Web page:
Perhaps the greatest triumph of the current daemon range came with the release of the plastic Plaguebearers of Nurgle, finally giving the world a nice representation of the footsoldiers of Nurgle. In concept, the Plaguebearers are my favorite of the lesser daemons, the shambling pest-ridden fiends with their lone horns and singular baleful eyes have always appealed to me. However, after years of lackluster Plagurebearer models, I scarcely believed it was possible for Games Workshop to release nice versions of them. The new plastic kit may rival the bloodletters in quality.  Not that they are necessarily neater than the bloodletters, but the Plaguebearers had so much stacked against them for getting nice models. More so than perhaps any of the Chaos daemons, the Plaguebearers have seen many renditions, almost all of them bad (although some of the original comical ones do have some charm to them).  The previous ones were the worst of all, little more than indistinct blobs of green stuff; laziness should never be confused with the bloated, seething form of Grandfather Nurgle, but that is what seemed to have happened with them.  But the new models changed all of this, and injected new life into their tired forms.  While maintaining the long held image of them, Mike Anderson and Gavin Newton, like Nelson before them with the Bloodletters, added their own thoughts to the concept and brought them to new heights.  With angular horns (and antlers!), gaping maws, ravaged dislocated looking hands, and wicked barbs of puckered obsidian, they lumber onto the battlefield ready to camp on objectives like no other unit can!  Nurgle is an army that needs a lot skill to visually achieve, but the new Plaguebearers make the task far less daunting and easier to do, without feeling the need to recreate the entire range from the ground up.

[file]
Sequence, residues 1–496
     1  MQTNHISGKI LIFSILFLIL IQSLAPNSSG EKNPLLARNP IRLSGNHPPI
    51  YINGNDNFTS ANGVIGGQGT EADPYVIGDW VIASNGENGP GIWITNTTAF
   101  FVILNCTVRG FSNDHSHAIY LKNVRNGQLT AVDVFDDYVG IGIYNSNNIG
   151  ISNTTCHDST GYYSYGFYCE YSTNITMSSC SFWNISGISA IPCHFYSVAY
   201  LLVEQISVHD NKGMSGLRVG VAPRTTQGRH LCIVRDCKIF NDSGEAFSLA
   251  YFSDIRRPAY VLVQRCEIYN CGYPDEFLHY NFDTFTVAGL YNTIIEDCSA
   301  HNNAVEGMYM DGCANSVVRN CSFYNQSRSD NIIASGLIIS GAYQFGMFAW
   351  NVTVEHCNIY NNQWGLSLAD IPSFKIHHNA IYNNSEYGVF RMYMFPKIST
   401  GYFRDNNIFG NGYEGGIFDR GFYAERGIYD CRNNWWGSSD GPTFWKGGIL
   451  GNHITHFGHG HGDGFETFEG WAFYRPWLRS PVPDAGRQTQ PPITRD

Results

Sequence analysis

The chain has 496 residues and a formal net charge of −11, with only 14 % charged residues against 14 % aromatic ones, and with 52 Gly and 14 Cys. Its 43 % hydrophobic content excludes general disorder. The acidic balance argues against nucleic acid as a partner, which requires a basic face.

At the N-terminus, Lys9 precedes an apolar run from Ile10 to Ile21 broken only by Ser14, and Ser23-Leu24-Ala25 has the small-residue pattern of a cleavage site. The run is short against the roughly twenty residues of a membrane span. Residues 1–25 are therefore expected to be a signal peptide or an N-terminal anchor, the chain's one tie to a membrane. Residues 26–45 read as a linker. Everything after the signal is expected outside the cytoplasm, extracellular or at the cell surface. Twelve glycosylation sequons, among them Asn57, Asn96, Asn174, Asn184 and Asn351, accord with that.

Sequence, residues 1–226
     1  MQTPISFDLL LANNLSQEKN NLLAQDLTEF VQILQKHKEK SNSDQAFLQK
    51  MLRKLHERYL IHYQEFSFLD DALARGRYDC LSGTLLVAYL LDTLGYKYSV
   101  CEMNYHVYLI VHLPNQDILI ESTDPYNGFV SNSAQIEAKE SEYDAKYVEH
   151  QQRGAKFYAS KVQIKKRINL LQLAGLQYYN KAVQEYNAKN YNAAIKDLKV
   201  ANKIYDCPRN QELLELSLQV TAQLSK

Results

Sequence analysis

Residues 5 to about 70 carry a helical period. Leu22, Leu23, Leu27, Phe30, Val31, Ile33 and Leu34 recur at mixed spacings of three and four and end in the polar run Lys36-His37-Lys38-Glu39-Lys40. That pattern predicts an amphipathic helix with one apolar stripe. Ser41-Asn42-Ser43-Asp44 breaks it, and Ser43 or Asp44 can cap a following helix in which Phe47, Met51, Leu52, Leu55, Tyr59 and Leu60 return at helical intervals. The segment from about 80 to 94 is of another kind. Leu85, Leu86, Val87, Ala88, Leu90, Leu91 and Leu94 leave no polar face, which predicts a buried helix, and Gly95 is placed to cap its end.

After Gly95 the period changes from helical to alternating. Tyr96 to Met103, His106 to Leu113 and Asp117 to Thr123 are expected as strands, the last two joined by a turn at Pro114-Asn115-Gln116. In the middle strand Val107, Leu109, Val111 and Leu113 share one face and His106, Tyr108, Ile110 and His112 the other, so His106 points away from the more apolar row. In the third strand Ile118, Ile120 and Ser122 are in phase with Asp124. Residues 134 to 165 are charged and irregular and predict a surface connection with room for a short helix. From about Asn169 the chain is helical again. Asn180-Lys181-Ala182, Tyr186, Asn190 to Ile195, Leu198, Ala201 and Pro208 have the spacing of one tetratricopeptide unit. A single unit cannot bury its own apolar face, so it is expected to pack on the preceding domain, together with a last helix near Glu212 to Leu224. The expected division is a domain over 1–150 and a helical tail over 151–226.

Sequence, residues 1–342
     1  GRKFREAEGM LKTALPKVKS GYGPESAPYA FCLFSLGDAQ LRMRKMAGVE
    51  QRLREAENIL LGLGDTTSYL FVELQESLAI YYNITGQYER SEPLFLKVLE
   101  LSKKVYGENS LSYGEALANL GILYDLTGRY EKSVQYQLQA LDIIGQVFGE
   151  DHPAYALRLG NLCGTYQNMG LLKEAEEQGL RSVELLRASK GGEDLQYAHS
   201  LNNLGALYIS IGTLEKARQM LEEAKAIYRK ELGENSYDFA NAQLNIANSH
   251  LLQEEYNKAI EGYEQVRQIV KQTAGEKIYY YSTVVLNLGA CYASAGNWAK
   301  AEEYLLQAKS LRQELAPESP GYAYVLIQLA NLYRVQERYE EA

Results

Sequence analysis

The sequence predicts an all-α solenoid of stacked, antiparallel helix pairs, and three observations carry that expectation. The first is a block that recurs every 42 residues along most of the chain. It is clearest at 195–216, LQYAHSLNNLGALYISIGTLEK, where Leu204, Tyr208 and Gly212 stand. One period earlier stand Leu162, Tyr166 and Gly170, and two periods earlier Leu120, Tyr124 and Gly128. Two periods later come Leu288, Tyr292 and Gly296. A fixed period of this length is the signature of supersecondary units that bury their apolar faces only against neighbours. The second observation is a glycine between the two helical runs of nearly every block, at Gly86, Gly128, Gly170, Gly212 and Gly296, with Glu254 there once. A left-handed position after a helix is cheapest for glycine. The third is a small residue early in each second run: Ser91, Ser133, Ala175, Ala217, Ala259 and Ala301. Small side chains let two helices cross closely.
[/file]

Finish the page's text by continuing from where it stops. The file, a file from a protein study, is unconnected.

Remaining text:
The evolution of the Plaguebearer